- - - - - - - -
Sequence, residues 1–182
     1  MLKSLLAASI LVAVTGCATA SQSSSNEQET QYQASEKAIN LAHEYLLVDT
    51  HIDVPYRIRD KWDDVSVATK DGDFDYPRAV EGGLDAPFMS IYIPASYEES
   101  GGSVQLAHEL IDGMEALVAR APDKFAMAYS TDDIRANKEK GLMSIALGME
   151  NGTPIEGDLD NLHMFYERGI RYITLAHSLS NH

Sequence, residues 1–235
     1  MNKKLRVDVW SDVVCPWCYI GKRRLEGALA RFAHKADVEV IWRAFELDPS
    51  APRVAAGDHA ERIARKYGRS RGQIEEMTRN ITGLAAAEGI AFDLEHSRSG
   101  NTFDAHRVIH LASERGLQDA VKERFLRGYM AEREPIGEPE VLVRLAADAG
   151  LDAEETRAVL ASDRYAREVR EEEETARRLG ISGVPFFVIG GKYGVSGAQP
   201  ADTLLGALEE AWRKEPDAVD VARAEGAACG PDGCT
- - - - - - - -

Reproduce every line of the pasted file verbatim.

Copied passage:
Sequence, residues 1–182
     1  MLKSLLAASI LVAVTGCATA SQSSSNEQET QYQASEKAIN LAHEYLLVDT
    51  HIDVPYRIRD KWDDVSVATK DGDFDYPRAV EGGLDAPFMS IYIPASYEES
   101  GGSVQLAHEL IDGMEALVAR APDKFAMAYS TDDIRANKEK GLMSIALGME
   151  NGTPIEGDLD NLHMFYERGI RYITLAHSLS NH

Sequence, residues 1–235
     1  MNKKLRVDVW SDVVCPWCYI GKRRLEGALA RFAHKADVEV IWRAFELDPS
    51  APRVAAGDHA ERIARKYGRS RGQIEEMTRN ITGLAAAEGI AFDLEHSRSG
   101  NTFDAHRVIH LASERGLQDA VKERFLRGYM AEREPIGEPE VLVRLAADAG
   151  LDAEETRAVL ASDRYAREVR EEEETARRLG ISGVPFFVIG GKYGVSGAQP
   201  ADTLLGALEE AWRKEPDAVD VARAEGAACG PDGCT